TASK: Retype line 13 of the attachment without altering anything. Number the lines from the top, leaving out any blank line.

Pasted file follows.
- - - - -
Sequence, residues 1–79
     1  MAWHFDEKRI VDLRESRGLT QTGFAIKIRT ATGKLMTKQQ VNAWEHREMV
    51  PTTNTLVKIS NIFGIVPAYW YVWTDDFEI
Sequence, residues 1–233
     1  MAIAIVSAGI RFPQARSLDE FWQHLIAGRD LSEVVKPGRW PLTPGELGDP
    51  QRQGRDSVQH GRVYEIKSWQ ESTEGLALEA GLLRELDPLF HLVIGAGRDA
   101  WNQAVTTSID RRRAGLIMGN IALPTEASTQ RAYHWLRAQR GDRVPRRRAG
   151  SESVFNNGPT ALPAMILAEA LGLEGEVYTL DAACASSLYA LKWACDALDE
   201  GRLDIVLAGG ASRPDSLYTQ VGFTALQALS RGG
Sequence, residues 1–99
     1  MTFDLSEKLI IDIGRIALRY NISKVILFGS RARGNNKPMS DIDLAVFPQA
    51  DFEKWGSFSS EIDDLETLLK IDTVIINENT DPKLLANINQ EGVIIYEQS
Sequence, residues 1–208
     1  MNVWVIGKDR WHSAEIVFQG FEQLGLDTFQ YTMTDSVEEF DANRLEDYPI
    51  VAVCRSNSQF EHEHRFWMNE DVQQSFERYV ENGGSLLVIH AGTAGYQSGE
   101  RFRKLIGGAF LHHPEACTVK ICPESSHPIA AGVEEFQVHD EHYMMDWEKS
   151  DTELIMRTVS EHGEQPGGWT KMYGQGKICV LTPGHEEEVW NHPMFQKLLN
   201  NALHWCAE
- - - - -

Sequence, residues 1–208